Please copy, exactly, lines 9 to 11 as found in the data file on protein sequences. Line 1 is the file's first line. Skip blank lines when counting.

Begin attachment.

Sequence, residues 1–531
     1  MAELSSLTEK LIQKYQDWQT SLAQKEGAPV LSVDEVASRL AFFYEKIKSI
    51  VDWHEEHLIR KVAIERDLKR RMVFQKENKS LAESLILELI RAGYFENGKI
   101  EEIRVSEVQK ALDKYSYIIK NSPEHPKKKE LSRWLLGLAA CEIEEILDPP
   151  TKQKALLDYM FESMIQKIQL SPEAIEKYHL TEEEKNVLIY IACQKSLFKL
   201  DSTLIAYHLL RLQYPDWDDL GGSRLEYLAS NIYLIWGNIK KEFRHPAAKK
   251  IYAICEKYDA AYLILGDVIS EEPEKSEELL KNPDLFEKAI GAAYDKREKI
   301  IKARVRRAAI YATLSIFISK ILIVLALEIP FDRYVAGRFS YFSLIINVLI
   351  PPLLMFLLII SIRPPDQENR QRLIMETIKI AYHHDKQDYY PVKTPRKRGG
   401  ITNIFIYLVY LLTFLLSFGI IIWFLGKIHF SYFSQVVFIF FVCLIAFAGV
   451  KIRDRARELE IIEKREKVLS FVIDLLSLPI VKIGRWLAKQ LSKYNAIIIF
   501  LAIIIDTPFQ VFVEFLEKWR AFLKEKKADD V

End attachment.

   351  PPLLMFLLII SIRPPDQENR QRLIMETIKI AYHHDKQDYY PVKTPRKRGG
   401  ITNIFIYLVY LLTFLLSFGI IIWFLGKIHF SYFSQVVFIF FVCLIAFAGV
   451  KIRDRARELE IIEKREKVLS FVIDLLSLPI VKIGRWLAKQ LSKYNAIIIF